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by Fred McMillin
for June 5, 1998
Winery of the Week
Staton Hills Thrills
1906—Although missionary Father Charles Pandosy introduced agriculture to the Eyakima tribe much earlier, the valley's potential could not be tapped until irrigation arrived along with the 20th century.
1983—The Yakima Valley becomes Washington's first federally-established American Viticultural Area.
1991—Washington has risen to second behind California in the volume of U.S.A. premium wine production. Yakima is the state's most important district. While the whites had led the way, author John Baxevanis notes that the great depth of flavor of the Bordeaux reds indicate the Yakima Valley may become the leading Merlot-Cabernet Sauvignon production area of the nation. (see his Wine Regions of America).
1992—After 20 years experience in the northern California wine industry, Peter Ansdell becomes president and CEO of Staton Hills Winery in the northwest corner of the Yakima Valley.
Explosion #1—Ominously, not too far west of the Yakima Valley, Mt. St. Helens blows its top, leveling 230 square miles of timber...on May 18, 1980. Nevertheless, four years later the Staton Hills Winery and vineyards are established ...on VOLCANIC soil!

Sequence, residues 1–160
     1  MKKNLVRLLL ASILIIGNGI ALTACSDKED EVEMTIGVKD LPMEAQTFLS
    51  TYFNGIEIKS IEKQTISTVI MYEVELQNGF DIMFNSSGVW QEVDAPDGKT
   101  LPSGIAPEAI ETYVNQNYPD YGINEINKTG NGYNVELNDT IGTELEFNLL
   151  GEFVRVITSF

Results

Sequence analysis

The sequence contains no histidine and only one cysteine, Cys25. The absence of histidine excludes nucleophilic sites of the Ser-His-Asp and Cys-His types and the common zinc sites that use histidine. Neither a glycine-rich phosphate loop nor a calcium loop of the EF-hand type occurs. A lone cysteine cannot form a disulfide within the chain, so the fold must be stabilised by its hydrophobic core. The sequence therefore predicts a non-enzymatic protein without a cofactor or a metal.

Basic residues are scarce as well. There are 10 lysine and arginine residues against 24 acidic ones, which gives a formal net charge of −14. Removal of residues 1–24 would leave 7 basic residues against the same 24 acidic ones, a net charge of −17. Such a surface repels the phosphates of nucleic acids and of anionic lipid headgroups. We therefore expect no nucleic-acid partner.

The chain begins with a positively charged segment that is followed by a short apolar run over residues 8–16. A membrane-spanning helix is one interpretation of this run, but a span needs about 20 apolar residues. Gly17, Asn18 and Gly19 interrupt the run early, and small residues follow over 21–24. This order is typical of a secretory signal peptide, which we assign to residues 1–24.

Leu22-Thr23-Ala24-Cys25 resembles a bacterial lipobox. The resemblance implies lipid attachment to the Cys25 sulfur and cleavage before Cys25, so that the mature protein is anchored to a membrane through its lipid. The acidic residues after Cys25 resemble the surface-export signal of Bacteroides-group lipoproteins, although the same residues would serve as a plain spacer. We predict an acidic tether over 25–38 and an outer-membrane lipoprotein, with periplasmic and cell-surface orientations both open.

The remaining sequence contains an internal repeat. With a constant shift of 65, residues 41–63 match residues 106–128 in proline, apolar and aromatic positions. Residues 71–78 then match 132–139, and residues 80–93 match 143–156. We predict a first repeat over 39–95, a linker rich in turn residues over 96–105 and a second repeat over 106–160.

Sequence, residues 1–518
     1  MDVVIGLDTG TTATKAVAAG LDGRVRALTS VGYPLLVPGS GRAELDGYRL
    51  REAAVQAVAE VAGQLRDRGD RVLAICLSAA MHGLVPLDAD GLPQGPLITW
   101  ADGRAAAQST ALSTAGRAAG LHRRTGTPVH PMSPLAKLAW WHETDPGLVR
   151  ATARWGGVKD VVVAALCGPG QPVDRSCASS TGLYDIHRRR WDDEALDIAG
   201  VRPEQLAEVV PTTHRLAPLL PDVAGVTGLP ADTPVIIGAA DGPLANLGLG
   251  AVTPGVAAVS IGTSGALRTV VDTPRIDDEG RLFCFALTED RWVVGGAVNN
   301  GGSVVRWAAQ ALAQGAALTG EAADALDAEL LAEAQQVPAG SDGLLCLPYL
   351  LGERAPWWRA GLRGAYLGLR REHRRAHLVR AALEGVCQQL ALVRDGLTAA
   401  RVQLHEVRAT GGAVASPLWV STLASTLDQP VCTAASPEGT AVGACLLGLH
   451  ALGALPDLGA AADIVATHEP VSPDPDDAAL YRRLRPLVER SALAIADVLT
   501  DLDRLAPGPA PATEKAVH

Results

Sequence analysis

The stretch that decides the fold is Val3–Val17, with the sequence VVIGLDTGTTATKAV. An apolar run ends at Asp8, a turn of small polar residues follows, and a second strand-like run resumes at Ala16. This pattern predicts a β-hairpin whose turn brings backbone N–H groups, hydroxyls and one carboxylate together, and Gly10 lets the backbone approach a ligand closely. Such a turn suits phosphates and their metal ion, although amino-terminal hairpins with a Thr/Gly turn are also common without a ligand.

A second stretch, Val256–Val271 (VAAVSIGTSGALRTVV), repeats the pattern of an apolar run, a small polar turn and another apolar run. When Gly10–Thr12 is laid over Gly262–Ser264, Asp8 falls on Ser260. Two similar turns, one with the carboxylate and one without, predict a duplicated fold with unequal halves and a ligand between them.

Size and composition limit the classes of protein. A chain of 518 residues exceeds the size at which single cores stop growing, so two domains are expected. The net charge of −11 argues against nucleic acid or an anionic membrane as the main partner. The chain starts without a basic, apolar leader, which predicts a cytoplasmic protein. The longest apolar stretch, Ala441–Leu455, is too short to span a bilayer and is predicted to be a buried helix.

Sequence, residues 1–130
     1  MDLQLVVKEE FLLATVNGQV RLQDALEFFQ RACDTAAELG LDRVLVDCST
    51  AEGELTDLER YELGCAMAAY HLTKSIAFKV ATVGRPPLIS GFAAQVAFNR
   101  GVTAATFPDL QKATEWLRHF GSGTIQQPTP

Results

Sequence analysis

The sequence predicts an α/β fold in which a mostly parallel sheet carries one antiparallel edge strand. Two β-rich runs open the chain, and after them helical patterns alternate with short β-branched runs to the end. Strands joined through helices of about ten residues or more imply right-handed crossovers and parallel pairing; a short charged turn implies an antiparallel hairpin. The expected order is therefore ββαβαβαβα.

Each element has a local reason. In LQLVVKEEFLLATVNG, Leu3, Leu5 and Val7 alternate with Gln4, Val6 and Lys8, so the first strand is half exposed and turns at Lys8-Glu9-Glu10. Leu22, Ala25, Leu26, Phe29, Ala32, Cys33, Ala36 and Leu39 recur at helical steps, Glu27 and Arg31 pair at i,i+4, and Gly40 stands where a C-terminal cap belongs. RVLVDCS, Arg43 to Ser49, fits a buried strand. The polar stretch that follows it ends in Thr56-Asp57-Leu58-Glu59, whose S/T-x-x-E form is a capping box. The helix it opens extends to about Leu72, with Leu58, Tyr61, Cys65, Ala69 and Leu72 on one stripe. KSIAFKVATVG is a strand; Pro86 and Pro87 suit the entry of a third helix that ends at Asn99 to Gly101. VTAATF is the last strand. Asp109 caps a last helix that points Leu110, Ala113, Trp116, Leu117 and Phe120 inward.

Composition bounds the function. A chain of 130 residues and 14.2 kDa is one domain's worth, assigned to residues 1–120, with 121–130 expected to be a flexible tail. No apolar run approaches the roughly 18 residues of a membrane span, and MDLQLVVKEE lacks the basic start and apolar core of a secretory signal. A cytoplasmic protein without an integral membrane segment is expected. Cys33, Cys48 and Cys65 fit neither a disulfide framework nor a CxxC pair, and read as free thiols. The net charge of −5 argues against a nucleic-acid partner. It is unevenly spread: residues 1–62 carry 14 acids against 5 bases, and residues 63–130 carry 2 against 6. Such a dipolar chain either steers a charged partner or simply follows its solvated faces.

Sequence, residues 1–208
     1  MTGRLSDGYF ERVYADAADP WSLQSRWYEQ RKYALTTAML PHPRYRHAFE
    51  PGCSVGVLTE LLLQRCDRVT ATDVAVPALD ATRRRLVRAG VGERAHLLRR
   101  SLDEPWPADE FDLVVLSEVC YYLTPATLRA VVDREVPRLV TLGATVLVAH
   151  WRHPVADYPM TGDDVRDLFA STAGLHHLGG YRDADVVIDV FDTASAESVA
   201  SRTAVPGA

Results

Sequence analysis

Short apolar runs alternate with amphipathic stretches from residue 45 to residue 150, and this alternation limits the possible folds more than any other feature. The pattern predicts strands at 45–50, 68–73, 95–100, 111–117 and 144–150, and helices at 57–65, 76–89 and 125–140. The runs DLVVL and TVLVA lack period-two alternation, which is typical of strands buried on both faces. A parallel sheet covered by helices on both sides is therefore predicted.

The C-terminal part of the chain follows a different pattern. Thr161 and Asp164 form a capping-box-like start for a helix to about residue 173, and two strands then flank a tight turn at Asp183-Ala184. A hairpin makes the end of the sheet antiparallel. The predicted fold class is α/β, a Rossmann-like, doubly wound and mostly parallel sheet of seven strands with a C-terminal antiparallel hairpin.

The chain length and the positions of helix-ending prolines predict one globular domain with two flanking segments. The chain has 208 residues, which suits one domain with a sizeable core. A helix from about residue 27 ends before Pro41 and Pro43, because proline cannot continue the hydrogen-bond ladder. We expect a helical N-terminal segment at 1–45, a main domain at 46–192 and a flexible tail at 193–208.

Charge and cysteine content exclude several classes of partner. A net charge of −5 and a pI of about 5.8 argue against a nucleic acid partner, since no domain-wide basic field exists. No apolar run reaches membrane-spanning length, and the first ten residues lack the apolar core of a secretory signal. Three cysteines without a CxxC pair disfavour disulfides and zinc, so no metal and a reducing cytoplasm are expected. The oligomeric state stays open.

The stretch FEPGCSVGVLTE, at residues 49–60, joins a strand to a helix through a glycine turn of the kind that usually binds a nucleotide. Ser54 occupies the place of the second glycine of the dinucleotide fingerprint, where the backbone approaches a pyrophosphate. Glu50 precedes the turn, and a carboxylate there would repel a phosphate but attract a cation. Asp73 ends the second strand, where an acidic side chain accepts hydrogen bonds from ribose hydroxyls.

Explosion #2—This occurred at the winery in 1992 when Peter took control. dedicated particularly to raising the quality of those Bordeaux reds, he jettisons the '91 reds, fires the staff, and brings in three new winemakers (from France,Washington, and California).
He also refused to release a wine until it's sufficiently aged. E.g, the '94 Merlot was unusually sturdy, and needed plenty of age. The '95 vintage was softer, and ready to drink sooner. So, the 1995 was released before the 1994!
And the whites are getting plenty of attention, too. I saw the Sauvignon Blanc was a winner in the annual Oyster Wine competition. The Chardonnay is listed as an area benchmark wine by critic Bob Thompson. This is a winery to follow, because Explosion #2 is surely paying off.
The winery can be reached at (509) 877-2112...and about that Indian tribe in the fertile "Eyakima" Valley, appropriately, their name meant "well fed tribe."
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